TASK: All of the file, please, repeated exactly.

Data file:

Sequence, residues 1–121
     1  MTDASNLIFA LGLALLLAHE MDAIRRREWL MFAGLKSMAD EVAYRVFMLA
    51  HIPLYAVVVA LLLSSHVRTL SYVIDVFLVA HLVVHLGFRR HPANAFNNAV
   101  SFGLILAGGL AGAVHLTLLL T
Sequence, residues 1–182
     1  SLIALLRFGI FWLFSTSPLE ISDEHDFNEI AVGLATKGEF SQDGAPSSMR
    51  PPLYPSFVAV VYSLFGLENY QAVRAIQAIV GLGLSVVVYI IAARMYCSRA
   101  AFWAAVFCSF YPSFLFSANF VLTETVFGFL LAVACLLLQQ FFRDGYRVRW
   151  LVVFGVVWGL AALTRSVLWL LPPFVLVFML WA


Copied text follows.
Sequence, residues 1–121
     1  MTDASNLIFA LGLALLLAHE MDAIRRREWL MFAGLKSMAD EVAYRVFMLA
    51  HIPLYAVVVA LLLSSHVRTL SYVIDVFLVA HLVVHLGFRR HPANAFNNAV
   101  SFGLILAGGL AGAVHLTLLL T
Sequence, residues 1–182
     1  SLIALLRFGI FWLFSTSPLE ISDEHDFNEI AVGLATKGEF SQDGAPSSMR
    51  PPLYPSFVAV VYSLFGLENY QAVRAIQAIV GLGLSVVVYI IAARMYCSRA
   101  AFWAAVFCSF YPSFLFSANF VLTETVFGFL LAVACLLLQQ FFRDGYRVRW
   151  LVVFGVVWGL AALTRSVLWL LPPFVLVFML WA